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Microbial Preparations (Probiotics) for the Prevention of Clostridium difficile Infection in Adults and Children: An Individual Patient Data Meta-analysis of 6,851 Participants

Journal article
Authors B. C. Johnston
L. Lytvyn
C. K. F. Lo
S. J. Allen
D. L. Wang
H. Szajewska
M. Miller
S. Ehrhardt
J. Sampalis
D. G. Duman
P. Pozzoni
A. Colli
Elisabeth Lönnermark
C. P. Selinger
S. Wong
S. Plummer
M. Hickson
R. Pancheva
S. Hirsch
B. Klarin
J. Z. Goldenberg
L. Wang
L. Mbuagbaw
G. Foster
A. Maw
B. Sadeghirad
L. Thabane
D. Mertz
Published in Infection Control and Hospital Epidemiology
Volume 39
Issue 7
Pages 771-781
ISSN 0899-823X
Publication year 2018
Published at Institute of Biomedicine, Department of Infectious Medicine
Pages 771-781
Language en
Keywords antibiotic-associated diarrhea, placebo-controlled trial, double-blind, saccharomyces-boulardii, clinical-trial, efficacy, epidemiology, appropriate, guidelines, diagnosis, Public, Environmental & Occupational Health, Infectious Diseases, rding dn, 1986, archives of internal medicine, v146, p95
Subject categories Community medicine, Infectious Medicine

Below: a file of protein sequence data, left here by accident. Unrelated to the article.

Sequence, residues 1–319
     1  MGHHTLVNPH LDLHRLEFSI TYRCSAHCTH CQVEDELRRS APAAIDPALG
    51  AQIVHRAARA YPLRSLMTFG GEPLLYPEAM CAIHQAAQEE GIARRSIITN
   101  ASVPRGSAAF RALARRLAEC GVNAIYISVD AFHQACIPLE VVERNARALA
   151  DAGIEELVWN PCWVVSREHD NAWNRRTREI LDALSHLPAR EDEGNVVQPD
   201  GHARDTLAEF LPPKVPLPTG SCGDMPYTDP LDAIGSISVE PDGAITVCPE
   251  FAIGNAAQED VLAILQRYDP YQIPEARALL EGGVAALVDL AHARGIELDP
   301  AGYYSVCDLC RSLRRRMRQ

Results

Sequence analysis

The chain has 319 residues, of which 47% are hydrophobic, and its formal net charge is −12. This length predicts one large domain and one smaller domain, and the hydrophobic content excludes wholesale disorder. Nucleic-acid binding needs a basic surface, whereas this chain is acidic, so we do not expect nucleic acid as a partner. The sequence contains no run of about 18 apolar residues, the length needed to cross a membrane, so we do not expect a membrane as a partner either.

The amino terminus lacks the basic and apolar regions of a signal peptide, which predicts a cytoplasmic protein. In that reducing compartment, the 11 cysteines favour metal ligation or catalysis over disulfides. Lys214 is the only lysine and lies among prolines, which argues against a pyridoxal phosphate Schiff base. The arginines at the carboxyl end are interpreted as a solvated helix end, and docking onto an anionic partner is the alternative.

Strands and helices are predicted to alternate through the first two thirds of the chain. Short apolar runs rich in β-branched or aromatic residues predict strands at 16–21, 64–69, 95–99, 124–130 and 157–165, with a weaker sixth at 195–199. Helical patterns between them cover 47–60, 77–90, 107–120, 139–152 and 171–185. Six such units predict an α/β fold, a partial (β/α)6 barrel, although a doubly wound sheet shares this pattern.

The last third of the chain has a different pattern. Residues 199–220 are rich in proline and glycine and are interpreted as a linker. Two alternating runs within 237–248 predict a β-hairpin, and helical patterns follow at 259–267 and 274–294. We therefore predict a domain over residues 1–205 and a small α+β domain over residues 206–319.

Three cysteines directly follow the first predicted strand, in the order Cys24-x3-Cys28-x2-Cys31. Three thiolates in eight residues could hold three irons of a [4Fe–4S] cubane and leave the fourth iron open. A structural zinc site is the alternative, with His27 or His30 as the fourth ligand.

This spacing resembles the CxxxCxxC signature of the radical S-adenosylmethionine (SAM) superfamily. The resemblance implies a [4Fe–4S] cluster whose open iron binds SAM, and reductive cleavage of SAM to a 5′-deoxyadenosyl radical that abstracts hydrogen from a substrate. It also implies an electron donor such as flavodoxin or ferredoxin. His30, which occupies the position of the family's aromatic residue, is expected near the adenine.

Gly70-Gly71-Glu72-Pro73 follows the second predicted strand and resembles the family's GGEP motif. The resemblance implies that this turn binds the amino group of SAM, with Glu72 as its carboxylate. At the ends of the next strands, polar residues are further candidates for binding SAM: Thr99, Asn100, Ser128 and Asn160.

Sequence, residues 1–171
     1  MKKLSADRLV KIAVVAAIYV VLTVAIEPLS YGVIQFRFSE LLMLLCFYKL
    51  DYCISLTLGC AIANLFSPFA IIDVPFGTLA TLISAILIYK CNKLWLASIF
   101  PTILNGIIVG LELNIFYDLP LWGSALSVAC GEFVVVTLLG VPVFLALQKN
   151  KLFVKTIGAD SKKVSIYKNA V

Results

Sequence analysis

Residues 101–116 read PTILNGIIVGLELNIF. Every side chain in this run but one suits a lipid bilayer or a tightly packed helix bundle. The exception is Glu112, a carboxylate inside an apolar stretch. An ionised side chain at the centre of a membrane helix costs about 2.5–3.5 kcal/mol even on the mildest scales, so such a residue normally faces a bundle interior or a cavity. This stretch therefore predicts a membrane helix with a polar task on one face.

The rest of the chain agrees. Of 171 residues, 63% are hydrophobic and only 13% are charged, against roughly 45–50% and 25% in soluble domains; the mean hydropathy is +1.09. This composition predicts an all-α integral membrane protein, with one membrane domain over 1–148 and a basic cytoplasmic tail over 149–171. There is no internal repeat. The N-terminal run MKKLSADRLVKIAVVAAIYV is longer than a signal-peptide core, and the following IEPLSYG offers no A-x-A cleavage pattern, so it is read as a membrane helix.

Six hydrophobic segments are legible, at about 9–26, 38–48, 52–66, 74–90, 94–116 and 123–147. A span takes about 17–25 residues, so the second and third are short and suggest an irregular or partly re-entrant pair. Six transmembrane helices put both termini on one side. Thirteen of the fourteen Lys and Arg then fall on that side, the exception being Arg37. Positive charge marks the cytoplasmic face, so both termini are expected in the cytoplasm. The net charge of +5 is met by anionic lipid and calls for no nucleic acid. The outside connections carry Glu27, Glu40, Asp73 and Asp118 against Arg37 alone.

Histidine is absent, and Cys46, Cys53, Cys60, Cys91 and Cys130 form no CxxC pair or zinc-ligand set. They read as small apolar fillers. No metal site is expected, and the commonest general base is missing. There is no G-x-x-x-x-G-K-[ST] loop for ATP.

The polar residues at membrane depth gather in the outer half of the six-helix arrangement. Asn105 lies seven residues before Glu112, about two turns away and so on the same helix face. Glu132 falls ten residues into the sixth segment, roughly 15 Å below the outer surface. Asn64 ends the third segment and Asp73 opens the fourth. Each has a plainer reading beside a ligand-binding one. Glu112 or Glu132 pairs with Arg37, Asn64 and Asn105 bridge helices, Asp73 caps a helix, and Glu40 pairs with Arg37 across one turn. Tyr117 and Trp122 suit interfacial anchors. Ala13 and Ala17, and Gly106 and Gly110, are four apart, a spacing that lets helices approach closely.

OBJECTIVE. To determine whether probiotic prophylaxes reduce the odds of Clostridium difficile infection (CDI) in adults and children. DESIGN. Individual participant data (IPD) meta-analysis of randomized controlled trials (RCTs), adjusting for risk factors. METHODS. We searched 6 databases and 11 grey literature sources from inception to April 2016. We identified 32 RCTs (n=8,713); among them, 18 RCTs provided IPD (n=6,851 participants) comparing probiotic prophylaxis to placebo or no treatment (standard care). One reviewer prepared the IPD, and 2 reviewers extracted data, rated study quality, and graded evidence quality. RESULTS. Probiotics reduced CDI odds in the unadjusted model (n=6,645; odds ratio [OR] 0.37; 95% confidence interval [CI], 0.25-0.55) and the adjusted model (n=5,074; OR, 0.35; 95% CI, 0.23-0.55). Using 2 or more antibiotics increased the odds of CDI (OR, 2.20; 95% CI, 1.11-4.37), whereas age, sex, hospitalization status, and high-risk antibiotic exposure did not. Adjusted subgroup analyses suggested that, compared to no probiotics, multispecies probiotics were more beneficial than single-species probiotics, as was using probiotics in clinical settings where the CDI risk is 5%. Of 18 studies, 14 reported adverse events. In 11 of these 14 studies, the adverse events were retained in the adjusted model. Odds for serious adverse events were similar for both groups in the unadjusted analyses (n=4,990; OR, 1.06; 95% CI, 0.89-1.26) and adjusted analyses (n=4,718; OR, 1.06; 95% CI, 0.89-1.28). Missing outcome data for CDI ranged from 0% to 25.8%. Our analyses were robust to a sensitivity analysis for missingness. CONCLUSIONS. Moderate quality (ie, certainty) evidence suggests that probiotic prophylaxis may be a useful and safe CDI prevention strategy, particularly among participants taking 2 or more antibiotics and in hospital settings where the risk of CDI is >= 5%.

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